The decision of the Indian and the French governments to enter into a government-to-government deal for procurement of Rafale fighter aircrafts by the IAF has actually negated the whole exercise of creating the most detailed RFP ever circulated.
Of course, the life cycle costing (LCC) mechanism that was developed for the discovery of the correct price of various offers. This was considered possibly the best system ever developed in any country. And a former IAF chief, Air Chief Marshal (retd) Pradeep Vasant Naik, had actually stated that left to the service, it would like to ‘patent’ the process.
In a way, Modi government’s decision to buy 36 Rafales – two squadrons worth – may alleviate the immediate need of the air force, but it would not make a major dent into the depleting combat strength of the service.
But the way, the Rafales are being bought in a government to government deal could not have augured well had it been like the Foreign Military Sales (FMS) deals struck by the New Delhi and Washington often. For, in these FMS deals the price quoted is often higher than what could be the price if there was competition between the vendors.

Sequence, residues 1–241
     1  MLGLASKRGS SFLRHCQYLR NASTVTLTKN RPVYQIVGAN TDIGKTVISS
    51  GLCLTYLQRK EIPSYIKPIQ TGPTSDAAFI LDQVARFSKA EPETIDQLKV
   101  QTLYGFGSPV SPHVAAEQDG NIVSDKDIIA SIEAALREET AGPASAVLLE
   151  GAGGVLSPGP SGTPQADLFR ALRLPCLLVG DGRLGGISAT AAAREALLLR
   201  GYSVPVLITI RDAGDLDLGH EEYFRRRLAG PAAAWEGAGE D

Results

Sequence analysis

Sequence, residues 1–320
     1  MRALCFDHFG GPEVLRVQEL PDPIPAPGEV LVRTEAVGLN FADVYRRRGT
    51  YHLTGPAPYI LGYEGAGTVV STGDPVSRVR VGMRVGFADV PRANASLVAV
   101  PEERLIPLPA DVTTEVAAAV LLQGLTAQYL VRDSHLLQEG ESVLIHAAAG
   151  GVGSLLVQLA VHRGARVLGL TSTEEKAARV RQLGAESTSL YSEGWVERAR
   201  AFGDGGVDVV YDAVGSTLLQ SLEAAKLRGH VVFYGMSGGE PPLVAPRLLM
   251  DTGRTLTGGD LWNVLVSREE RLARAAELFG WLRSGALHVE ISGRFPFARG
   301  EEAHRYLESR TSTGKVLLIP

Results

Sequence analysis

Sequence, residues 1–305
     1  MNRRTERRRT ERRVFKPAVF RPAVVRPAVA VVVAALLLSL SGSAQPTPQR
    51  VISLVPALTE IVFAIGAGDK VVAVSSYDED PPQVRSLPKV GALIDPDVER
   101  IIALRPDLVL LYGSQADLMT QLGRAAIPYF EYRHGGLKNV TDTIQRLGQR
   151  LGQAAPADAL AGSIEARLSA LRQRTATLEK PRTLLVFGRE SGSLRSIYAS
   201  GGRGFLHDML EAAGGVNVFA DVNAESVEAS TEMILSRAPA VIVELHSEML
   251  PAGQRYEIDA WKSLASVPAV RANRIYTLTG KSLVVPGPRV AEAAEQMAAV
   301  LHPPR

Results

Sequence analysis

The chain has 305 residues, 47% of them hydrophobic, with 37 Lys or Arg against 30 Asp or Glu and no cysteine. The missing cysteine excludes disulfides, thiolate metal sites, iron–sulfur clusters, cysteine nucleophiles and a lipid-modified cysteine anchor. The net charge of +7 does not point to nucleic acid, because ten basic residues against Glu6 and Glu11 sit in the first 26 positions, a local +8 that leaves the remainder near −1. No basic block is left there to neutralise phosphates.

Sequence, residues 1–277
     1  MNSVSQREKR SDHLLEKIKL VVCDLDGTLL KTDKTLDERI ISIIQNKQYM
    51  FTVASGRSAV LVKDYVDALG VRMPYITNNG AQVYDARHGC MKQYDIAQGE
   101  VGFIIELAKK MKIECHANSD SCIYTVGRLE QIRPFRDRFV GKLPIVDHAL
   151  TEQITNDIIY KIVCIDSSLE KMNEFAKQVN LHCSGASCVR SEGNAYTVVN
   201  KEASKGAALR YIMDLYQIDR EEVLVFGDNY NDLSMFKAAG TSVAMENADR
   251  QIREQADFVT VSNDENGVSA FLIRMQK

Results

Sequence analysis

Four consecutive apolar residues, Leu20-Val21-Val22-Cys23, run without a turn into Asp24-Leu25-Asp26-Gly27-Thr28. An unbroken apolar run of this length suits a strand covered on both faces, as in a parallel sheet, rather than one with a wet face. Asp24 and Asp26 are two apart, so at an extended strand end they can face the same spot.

But the French, often known as hard negotiators who drive a hard bargain, as witnessed in the Mirage upgrade contract have promised to actually quote a lower price than the one under negotiation by Dassault with the MoD officials.
However, the fact that the maintenance contract will remain with the French manufacturer will keep the window open for more revenue spends.